Psychology of Board Games

Statistics and Speculations on the Behavioral Science of Board Gaming
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Implications of Dunbar's Number

Corey Butler
United States
Saint Paul
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Dunbar's Number is 150, which is the "average maximum" number of friends with which a typical individual can sustain meaningful social relationships. Yes, this is how many actual friends you can have. None of this Facebook friends nonsense! The number, which is actually 148 if you don't round up, is based on a statistical analysis of brain size and social group size across various species of primates, along with other sources of data. It is believed to be a cognitive limit, based on the assumption that the human brain evolved mainly to manage and keep track of social resources and alliances. Dunbar’s number is an extremely interesting idea. I'm not sure I entirely believe it- and it ignores the issue of individual differences in cognitive ability- but I find it intriguing. In fact, I've spent plenty of time wondering if I could come up with my own number about something, but no luck so far.

From gallery of shotokanguy

Robin Dunbar and his colleagues have further suggested that various levels of relationship exist within a nested hierarchical structure. The smallest subgroup is 3 to 5 individuals, which corresponds to our closest friends and family members. Beyond that is a "sympathy group" of 12 to 20 individuals who we see on a regular basis. Beyond that is another clustering of 30-50 individuals which is a typical "band" of hunter gatherers, according to anthropologists. Then we have Dunbar's number of 150 "friends," followed by a larger group of acquaintances of roughly 500 people, followed by the "tribal" group of approximately 1500 individuals. Beyond that, people are just strangers to each other. Note that these levels differ by a scaling ratio of approximately 3. Coincidence?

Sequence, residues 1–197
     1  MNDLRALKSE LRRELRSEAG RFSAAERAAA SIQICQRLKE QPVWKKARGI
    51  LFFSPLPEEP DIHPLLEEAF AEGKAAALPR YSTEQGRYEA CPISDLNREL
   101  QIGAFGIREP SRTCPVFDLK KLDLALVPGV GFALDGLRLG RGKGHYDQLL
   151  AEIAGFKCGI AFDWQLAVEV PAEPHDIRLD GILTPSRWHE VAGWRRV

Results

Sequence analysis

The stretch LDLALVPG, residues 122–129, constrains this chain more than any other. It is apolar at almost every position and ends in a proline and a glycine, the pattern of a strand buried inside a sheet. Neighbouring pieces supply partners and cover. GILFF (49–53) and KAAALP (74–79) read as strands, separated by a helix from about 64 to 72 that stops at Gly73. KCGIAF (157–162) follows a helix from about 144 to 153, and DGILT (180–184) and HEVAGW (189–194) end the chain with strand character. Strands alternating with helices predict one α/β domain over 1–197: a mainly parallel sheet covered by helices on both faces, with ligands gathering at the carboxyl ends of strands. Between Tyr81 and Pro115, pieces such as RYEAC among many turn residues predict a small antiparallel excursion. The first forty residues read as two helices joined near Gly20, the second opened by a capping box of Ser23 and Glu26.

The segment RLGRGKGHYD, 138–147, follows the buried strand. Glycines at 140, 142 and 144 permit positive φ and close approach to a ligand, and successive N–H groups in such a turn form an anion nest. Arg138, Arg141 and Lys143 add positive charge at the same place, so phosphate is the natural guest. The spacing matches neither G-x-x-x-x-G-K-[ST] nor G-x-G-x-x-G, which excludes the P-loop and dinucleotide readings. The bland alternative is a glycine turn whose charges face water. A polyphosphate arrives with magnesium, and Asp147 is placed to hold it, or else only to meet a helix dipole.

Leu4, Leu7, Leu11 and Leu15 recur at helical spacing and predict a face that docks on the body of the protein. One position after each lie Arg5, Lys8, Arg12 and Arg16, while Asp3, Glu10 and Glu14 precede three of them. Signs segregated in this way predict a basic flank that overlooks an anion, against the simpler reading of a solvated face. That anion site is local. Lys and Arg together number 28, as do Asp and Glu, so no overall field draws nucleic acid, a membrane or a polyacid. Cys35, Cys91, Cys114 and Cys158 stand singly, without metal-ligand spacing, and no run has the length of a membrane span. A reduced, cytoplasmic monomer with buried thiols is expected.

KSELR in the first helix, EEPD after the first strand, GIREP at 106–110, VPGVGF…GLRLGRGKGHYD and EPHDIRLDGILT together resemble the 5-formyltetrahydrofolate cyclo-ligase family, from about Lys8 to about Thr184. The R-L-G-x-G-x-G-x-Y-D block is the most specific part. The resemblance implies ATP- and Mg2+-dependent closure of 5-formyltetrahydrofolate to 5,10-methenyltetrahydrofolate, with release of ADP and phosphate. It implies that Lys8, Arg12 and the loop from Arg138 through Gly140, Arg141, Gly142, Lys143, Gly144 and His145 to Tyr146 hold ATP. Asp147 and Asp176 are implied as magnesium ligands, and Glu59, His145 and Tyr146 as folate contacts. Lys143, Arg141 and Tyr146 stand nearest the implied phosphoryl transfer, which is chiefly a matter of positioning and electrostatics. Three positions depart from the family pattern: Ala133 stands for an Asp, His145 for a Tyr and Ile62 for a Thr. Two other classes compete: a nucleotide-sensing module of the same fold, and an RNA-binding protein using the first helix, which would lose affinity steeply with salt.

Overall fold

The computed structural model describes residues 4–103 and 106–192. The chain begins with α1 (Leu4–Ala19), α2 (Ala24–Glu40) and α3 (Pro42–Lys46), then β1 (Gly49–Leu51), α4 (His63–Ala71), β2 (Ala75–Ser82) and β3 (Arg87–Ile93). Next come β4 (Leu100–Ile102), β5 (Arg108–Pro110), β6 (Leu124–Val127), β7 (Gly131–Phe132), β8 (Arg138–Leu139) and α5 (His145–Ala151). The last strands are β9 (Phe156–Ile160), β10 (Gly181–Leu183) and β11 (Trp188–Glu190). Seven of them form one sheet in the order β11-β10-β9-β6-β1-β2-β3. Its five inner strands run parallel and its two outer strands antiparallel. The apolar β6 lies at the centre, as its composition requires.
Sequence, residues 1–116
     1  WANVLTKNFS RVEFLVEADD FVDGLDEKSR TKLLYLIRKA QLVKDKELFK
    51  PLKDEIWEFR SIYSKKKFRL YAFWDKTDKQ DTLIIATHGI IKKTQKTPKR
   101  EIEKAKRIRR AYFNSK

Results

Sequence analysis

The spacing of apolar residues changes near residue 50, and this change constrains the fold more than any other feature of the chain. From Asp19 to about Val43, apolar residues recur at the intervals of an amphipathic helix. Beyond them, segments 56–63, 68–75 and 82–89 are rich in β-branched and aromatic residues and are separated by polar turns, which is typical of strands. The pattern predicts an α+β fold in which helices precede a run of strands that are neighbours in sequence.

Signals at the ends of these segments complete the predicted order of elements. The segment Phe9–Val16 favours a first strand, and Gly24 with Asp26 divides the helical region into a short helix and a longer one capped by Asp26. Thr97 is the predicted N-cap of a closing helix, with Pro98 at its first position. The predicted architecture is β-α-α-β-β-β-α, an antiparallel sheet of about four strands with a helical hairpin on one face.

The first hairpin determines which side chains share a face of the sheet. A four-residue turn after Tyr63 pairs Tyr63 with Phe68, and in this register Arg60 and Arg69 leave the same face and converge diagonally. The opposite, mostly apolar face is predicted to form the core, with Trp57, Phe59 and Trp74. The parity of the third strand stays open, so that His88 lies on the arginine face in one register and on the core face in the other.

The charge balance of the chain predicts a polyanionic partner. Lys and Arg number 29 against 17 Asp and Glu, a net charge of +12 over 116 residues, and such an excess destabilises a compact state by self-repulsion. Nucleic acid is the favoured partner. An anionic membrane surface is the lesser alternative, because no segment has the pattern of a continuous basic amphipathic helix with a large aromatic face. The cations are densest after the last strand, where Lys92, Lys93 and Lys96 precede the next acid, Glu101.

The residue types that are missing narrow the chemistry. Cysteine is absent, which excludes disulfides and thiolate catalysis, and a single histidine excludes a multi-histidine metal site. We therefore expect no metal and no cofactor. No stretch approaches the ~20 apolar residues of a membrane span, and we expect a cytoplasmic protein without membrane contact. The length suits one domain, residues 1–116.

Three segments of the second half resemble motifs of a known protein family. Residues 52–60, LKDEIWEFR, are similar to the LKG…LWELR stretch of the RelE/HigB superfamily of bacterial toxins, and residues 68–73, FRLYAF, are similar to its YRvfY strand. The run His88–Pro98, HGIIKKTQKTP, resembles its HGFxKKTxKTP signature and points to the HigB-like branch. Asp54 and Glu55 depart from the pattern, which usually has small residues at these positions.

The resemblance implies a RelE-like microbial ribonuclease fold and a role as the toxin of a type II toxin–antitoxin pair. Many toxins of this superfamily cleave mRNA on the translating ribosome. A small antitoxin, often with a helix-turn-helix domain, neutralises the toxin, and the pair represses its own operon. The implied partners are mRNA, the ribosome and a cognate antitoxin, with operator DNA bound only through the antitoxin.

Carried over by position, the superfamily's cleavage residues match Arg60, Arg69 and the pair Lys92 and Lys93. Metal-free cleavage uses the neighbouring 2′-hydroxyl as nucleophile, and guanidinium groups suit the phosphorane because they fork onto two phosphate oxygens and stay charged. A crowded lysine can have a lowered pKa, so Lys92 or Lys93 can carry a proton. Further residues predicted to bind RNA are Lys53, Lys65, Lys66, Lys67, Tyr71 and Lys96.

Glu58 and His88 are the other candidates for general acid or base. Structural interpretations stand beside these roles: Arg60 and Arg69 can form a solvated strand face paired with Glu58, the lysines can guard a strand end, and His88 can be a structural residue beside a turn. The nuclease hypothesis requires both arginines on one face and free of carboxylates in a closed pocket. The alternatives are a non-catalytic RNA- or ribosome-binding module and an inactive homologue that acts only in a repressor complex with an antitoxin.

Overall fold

From gallery of shotokanguy

This research has been influential and somewhat controversial, but the bigger question that has inexplicably been ignored by scholars up to this point is this: How does Dunbar's principle apply to the board gaming hobby? The core, innermost group of 3-5 people is just right for an afternoon of gaming. This might represent the ideal number of close gaming friends. Any more than this, and it starts to get difficult to schedule and organize a session of gaming. The range of 3-5 also happens to be ideal for playing most games, and about the right number of people to fit around most tables. Coincidence?!

You might have a small group like this that meets regularly, probably in somebody's home. Another way to do it is to have a larger, less tight-knit group that is more likely to meet in a public place, such as a library or a coffee shop. How big is this group going to be? There is a group near me that meets twice a month in the local community center. Attendance varies, but it is usually enough to have two or three games going at once. These people are all friends, but they are in that next layer out, perhaps that sympathy group of 12-20.